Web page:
Avast Shuts Down Jumpshot Over Data Privacy Backlash

In a world where you can’t even believe in security software …

JumpshotAvast’s data-harvesting arm which millions of people have installed as a free browser add-on anti-virus software was shut down after it was caught selling user data.

Avast, a self-proclaimed “global leader in cybersecurity” has put user privacy and personal security first, and profiting from user data at the same time.

Avast CEO Ondrej Vlcek wrote in a press release:

Protecting people is Avast’s top priority and must be embedded in everything we do in our business and in our products. Anything to the contrary is unacceptable. For these reasons, I – together with our board of directors – have decided to terminate the Jumpshot data collection and wind down Jumpshot’s operations, with immediate effect.

Like many ad tech companies, Jumpshot also relied on data obtained through third parties (in this case, Avast). If you have the Avast add-on installed, you can package data such as where you clicked and browsing preferences together, such as when and where you clicked on a Nike page. They were sharing data.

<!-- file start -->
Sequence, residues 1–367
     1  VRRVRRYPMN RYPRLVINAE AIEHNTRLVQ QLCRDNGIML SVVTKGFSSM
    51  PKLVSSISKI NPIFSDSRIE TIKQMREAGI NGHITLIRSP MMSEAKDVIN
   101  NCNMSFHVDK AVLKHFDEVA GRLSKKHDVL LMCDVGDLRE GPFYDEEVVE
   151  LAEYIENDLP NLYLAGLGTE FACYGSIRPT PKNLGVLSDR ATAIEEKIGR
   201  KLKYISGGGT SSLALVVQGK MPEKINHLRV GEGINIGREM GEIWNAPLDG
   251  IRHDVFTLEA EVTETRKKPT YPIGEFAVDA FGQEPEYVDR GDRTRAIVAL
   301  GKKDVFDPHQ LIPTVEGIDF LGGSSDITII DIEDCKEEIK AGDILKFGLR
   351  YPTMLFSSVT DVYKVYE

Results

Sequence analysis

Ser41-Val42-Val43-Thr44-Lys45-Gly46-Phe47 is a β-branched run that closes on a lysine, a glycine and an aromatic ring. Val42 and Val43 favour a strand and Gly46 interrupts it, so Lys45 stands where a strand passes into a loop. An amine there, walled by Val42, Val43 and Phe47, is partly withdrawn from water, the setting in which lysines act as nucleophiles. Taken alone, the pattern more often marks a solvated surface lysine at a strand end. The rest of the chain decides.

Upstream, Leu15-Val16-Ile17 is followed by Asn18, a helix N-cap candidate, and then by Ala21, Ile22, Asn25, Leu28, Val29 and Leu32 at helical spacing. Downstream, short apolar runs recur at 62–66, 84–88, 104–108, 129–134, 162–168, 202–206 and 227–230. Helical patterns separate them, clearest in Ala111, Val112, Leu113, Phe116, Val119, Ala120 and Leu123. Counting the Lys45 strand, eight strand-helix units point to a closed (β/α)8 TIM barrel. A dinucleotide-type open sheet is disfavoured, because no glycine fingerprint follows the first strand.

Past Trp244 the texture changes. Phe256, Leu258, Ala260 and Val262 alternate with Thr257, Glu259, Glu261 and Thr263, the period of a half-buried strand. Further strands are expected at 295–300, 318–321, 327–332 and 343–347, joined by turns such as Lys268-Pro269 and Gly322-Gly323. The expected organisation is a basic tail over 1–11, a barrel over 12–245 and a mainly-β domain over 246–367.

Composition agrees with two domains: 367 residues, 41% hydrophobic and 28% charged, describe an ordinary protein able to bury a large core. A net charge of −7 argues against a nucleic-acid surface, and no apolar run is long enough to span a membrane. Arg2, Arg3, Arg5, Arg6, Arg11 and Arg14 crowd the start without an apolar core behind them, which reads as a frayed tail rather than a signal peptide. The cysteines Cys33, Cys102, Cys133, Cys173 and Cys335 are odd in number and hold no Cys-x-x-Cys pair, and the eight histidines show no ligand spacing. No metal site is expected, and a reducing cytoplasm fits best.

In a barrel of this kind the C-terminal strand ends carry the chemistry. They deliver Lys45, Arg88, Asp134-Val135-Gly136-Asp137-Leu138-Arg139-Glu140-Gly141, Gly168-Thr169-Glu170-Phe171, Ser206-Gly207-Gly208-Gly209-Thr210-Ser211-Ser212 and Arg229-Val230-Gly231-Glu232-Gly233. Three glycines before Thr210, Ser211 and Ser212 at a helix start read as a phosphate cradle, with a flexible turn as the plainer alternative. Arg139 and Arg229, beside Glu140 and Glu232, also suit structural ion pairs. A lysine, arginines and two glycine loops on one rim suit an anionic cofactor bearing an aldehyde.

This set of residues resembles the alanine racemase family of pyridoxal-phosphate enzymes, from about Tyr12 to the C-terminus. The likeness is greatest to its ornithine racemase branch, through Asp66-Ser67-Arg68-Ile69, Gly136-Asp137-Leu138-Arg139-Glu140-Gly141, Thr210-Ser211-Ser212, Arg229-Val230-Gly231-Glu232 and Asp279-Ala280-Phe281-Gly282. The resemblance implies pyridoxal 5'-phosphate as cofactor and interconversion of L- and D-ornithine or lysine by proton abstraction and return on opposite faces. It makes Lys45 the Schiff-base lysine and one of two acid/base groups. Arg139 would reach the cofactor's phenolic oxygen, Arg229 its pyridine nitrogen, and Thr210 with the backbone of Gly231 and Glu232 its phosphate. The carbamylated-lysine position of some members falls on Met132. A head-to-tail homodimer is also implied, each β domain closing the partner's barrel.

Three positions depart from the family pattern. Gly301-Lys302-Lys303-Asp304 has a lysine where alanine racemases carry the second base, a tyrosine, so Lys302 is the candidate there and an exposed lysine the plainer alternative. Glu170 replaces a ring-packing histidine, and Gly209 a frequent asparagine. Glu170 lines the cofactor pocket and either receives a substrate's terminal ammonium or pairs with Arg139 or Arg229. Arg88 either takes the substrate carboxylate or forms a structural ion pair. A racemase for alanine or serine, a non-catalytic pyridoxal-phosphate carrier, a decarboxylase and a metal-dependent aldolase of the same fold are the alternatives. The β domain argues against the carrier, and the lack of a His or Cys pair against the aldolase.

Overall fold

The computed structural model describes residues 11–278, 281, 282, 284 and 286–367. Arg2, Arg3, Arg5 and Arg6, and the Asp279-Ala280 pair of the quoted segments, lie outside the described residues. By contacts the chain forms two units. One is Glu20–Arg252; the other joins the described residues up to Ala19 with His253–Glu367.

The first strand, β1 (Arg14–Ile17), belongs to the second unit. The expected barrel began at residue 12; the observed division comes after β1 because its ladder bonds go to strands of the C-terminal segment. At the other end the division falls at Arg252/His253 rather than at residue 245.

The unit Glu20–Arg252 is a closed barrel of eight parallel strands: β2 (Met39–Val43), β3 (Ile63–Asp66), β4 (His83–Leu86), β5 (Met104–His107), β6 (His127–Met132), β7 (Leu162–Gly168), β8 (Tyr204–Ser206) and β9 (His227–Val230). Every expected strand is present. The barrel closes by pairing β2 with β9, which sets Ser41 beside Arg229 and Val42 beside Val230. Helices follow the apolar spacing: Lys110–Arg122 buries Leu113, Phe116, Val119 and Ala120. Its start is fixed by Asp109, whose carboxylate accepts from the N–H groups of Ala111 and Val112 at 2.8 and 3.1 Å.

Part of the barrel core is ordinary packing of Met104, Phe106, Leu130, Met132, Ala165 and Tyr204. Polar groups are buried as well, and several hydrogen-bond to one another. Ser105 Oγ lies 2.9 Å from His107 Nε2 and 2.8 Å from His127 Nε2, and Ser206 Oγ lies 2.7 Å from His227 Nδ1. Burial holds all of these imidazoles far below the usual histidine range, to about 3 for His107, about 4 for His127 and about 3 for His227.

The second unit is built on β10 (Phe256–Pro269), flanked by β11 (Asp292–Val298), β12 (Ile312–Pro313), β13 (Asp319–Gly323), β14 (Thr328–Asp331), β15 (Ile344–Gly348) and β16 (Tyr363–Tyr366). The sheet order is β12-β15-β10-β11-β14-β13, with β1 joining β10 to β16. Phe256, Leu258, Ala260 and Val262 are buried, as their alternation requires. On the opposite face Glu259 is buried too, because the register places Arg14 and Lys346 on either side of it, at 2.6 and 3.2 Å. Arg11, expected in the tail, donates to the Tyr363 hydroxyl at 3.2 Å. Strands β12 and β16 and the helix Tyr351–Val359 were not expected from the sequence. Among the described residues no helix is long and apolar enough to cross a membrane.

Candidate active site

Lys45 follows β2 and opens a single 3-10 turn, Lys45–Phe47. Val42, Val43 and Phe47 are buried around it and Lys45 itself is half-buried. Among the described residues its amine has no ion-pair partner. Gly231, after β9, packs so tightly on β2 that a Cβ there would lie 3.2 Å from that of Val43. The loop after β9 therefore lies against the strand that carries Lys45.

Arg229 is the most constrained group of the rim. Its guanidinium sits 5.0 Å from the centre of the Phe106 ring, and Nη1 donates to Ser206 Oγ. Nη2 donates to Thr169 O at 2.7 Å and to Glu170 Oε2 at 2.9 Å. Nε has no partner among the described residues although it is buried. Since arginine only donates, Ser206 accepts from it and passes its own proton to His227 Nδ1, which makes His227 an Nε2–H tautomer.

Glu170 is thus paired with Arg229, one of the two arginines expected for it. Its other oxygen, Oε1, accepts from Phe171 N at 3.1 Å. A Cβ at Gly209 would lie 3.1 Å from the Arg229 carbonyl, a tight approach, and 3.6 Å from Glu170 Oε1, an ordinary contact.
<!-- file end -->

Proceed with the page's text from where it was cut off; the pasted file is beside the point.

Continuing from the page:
Vlcek claims that these data are “non-personally identifiable,” which is no good excuse. Especially if all your browsing history is involved.

Hundreds of employees lose their jobs when Jumpshot shuts down, but I think that’s expected. Avast prides itself on “always acting under the law” and providing add-on users with a privacy policy, but for those involved in the data industry, the key rules are almost illegible.

According to a letter sent to investors about the “media speculation” about Jumpshot , Avast secretary Alan Rassaby is expected to generate $36 million in Jumpstart alone. It was revealed that the revenue came from large companies-partners reported earlier, including Pepsi and Home Depot.

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